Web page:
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How Osteoarthritis Can Affect Your Sexual Health

Don't Ignore Sexual Health Because of Osteoarthritis Pain

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Updated April 03, 2013

When you think of osteoarthritis, you think of physical pain -- joints that hurt on a daily basis. But osteoarthritis is more than just physical pain. The disease can affect your mental and emotional well-being, social life, and sexual life. Your sexual health is an important part of living well.

When osteoarthritis interferes with sexual expression, it is so easy to just let it be that way. But that would be cheating yourself. To improve the situation, identify what exactly causes problems for you in terms of sexual expression. Then look for solutions.

Problems Due to Osteoarthritis That Affect Sexual Health

The severity of your osteoarthritis determines what will be problematic for you. Potential problems affecting sexual health include:

Then the problems begin to mount -- you feel unattractive, unsexy, and, undesirable. You may have decreased sensations and heightened sensitivity to touch. Limited range of motion and less endurance will make you just want to forget about it. But promise yourself right now that you won't avoid sexual problems caused by osteoarthritis -- you will deal with it.

Here's What You Should Do

Try to overcome every osteoarthritis-caused problem. If losing weight or getting a great haircut would improve your self-esteem, go for it. If you have fear about discomfort during sex, discuss this with your partner and even talk to your doctor. Here's what else you can do:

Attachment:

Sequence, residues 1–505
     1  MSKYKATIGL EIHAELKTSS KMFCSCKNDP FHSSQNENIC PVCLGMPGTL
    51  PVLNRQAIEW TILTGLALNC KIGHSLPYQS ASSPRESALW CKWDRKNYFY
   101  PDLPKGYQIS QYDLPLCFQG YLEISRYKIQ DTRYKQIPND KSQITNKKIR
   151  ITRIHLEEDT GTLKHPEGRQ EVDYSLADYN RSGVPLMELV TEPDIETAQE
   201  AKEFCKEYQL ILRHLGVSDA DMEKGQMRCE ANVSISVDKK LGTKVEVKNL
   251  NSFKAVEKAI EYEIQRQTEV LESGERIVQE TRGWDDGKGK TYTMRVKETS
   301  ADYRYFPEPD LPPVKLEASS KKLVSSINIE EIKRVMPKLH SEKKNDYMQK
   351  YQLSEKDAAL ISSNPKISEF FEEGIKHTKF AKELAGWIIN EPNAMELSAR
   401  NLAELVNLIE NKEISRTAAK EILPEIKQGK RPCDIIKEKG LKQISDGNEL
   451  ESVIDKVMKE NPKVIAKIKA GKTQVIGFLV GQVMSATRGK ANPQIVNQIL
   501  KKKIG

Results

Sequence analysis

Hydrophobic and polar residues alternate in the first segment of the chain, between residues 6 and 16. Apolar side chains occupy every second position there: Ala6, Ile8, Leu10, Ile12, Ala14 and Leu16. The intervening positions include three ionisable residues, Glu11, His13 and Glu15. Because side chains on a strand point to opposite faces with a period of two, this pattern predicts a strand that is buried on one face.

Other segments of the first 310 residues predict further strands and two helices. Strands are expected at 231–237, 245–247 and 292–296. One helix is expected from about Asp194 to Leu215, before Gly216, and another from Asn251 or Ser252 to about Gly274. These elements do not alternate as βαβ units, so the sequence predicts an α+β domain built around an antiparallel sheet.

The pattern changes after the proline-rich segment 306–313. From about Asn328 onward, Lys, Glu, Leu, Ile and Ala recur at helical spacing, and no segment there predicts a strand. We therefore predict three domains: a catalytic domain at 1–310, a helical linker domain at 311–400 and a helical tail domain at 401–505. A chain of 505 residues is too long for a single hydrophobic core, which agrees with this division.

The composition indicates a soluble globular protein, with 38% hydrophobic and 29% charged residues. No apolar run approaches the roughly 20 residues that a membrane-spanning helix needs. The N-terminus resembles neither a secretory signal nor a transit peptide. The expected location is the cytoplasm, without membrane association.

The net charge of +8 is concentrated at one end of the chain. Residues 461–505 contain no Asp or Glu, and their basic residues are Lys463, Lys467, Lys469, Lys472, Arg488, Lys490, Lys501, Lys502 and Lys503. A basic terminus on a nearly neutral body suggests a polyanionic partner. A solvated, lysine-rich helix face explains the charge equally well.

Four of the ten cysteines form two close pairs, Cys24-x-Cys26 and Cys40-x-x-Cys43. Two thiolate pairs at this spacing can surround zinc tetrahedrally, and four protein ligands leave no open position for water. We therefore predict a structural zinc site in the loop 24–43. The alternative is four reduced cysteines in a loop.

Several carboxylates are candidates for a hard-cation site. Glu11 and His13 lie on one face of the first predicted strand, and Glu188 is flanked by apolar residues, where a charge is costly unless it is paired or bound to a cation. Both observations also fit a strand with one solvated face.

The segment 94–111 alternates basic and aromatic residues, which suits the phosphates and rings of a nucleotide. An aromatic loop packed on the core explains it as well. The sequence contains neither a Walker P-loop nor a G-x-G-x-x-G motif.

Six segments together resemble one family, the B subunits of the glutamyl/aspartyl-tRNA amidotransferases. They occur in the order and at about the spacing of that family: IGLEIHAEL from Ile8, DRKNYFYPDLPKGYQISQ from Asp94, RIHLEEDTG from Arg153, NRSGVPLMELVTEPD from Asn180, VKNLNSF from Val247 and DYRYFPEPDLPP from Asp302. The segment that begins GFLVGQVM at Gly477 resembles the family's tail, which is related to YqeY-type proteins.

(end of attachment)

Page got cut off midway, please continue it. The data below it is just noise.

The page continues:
• Have sex at whatever time of day is most comfortable for you.
  • Plan a nap before sex.
  • Stay warm -- use hot showers, electric blankets, and heating pads.
  • Take pain medication about a half hour before you plan to have sex.
  • Massage each other to warm-up and relax muscles and joints.
  • Add extra pillows to support your joints.
  • Pace your activities in preparation for a night of romance.

The Bottom Line

Many articles on this subject will advise you to, first and foremost, be honest and have good communication with your spouse or partner. That is definitely important, but don't neglect yourself in the process. The American College of Rheumatology offers wonderful advice -- "Attitude is everything. Rather than setting intercourse as the goal, strive for emotional and physical closeness." I think you will be pleasantly surprised if you do that.

Source:

Sex and Arthritis. American College of Rheumatology. March 2007. By Amye Leong.

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